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MVIP - Intellectual Property

At Durand Lawyers, our philosophy has always been to promote “law and business together”.

But what does that mean, practically?

It means that our firm offers legal services you and your business can budget around. Our latest offering, “Minimum Viable Intellectual Property”, or MVIP, is based on that philosophy. It depends on our team’s analysis of our client's needs, and what their businesses can and can't “live without” with respect to intellectual property.

Seeking to minimize the impact of their business decisions on their asset protection, Durand Lawyers sees intellectual property, including trademark filing, as an investment, rather than an expense which you’re simply getting out of the way.

As a part of our series on this newly offered service, we’ve decided to take a closer look at trademark filing, and what businesses should consider before filing in Canada (we’ll refer to that trademark as a “Proposed Mark” below).

Searching Before Filing

If you’ve thought about filing a trademark before, you’ve probably already heard about conducting searches prior to filing. Very broadly, these can be separated between preliminary and extensive searches.

A preliminary or “knock-out” search is only intended to find prior filings for very similar marks (i.e., identical or nearly identical marks), as well as assess, if possible, the risk of a likelihood of confusion refusal by a USPTO or CIPO trademark examiner reviewing a potential trademark application for your Proposed Mark. A knockout search typically covers only the wording in the mark, and not any design or graphic elements. Accordingly, knockout searches don’t anticipate other types of rejections such as mere descriptiveness.

However, preliminary searches can’t determine if there has been “common law” usage of trademarks which may be deemed confusing with your Proposed Mark. It is for this reason that we typically recommend employing the services of a third-party search provider who would review databases to ensure that we can file the Proposed Mark with a reduced level of business risk, including that of future opposition.

It should be noted that a comprehensive search is not always necessary, and depends on the inherent qualities of your Proposed Mark. While assessing whether to conduct a preliminary or comprehensive search, ask yourself:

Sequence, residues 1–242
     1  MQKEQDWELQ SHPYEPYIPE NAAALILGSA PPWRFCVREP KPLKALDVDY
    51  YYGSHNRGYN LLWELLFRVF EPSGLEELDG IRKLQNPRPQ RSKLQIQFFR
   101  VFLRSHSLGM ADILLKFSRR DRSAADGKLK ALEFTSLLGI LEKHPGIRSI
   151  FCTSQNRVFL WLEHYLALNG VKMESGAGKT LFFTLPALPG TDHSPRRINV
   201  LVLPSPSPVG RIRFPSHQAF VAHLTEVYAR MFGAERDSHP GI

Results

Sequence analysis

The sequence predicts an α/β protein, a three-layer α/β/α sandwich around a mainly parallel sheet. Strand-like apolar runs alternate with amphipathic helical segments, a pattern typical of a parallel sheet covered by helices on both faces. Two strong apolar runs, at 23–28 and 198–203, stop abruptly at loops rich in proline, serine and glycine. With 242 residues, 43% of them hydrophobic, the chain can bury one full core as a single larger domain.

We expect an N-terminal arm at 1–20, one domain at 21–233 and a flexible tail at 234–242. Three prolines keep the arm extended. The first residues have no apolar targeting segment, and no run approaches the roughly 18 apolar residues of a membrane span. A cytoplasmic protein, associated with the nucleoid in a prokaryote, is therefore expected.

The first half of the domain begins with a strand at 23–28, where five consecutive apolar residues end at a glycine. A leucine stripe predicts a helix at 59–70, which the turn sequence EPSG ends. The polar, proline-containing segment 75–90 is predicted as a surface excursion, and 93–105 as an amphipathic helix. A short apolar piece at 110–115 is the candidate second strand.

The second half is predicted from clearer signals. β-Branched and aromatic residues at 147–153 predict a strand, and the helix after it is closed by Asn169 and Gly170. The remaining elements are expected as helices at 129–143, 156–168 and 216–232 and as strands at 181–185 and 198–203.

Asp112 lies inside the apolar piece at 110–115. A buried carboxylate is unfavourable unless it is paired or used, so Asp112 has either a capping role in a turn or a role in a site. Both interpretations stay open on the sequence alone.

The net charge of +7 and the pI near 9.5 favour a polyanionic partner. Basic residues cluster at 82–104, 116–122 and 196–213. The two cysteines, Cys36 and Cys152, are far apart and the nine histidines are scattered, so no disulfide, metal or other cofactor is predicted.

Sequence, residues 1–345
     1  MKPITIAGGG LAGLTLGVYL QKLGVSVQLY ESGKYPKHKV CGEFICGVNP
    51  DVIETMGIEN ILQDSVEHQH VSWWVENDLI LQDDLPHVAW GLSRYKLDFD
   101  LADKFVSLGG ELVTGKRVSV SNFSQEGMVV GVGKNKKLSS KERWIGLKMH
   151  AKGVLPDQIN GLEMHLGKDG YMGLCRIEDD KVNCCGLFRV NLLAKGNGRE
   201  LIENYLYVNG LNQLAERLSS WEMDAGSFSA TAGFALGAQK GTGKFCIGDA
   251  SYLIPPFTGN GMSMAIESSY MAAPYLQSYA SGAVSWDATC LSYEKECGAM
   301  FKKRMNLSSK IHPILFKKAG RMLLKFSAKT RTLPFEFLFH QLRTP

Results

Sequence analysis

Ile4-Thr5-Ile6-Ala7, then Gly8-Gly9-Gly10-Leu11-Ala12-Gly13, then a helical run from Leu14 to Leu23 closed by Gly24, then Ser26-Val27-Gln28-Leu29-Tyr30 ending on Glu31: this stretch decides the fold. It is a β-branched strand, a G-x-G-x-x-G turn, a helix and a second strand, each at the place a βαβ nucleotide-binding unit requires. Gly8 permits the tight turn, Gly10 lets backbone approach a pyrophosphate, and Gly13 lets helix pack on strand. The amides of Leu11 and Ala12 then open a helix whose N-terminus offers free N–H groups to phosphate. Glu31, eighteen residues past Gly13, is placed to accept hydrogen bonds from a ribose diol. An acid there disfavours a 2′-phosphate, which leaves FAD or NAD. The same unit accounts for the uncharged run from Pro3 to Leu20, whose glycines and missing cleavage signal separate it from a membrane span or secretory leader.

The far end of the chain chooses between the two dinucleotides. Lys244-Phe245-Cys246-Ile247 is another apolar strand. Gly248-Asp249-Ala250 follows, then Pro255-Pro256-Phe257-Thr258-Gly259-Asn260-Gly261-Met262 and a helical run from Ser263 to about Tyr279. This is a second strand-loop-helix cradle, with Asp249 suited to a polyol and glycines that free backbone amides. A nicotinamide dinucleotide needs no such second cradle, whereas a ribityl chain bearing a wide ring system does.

• Are there similar or identical marks or brand names on the Canadian Trademarks Database (here), the Trademark Electronic Search System (here), on App Stores, or when you conduct a web search?

  • If it includes a design, is it visually similar to another mark?

  • Is it phonetically similar, when said out loud, to another mark?

  • Have you just started using the Proposed Mark in the course of your business?

  • Does your Proposed Mark reference or allude to an existing trademark or brand, even if only as an inspiration?

If you answered yes to one or more of the above, it is highly advised that you hire a trademark agent to conduct a search for you, whether preliminary or extensive, prior to your trademark filing in Canada.

Filing Fees

It always starts with the fees. While our honorariums will vary based on the complexity of your trademark filing, here are the fees you should consider when filing your trademark in Canada:

  • CAD $336.60 for one class of good or service; and

  • An additional CAD $ 102.00 for each subsequent class of goods and/or services.

What does MVIP ™ entail?

Ask yourself, how do you invest in your Intellectual Property, rather than simply spend money to protect it? Trademarks are, by their nature, better suited for long-term goals. Once they’re filed, your product branding and advertising may become tied to it. While that can benefit your business if the trademark issues without any problems, opposition by another party can put you in a bind while you rebrand.

Most companies assign engineers, scientists and/or other technical professionals to be responsible for research and development, as well as innovation. Durand Lawyers offers MVIPas a service to assist businesses in project management, portfolio oversight when it comes to the IP assets they are creating and/or disclosing to the public, including competitors. This includes working with businesses during various phases of innovation, product scaling, geographical expansion, creating new and/or even selling the IP you’ve worked to secure.

About us

Durand Lawyers brings Law & Business Together. We are a law and business advisory firm specialized in intellectual property, business strategy, as well as civil and corporate law. We are uniquely positioned to help clients in emerging technology industries such as FinTech, SaaS, blockchain and cannabis, employing both lawyers and experienced entrepreneurs to get the best possible outcomes. For more information visit our website at We are also involved with the LES and FORPIQ.

Not legal advice - hyperlinks

The content on this website is provided solely for information purposes and does not constitute legal advice, professional advice or similar opinion. If you believe you require legal assistance, do not hesitate to contact us. The links contained on this web site which link to third party web sites are not monitored by Durand Lawyers. Links are provided for information and convenience only.


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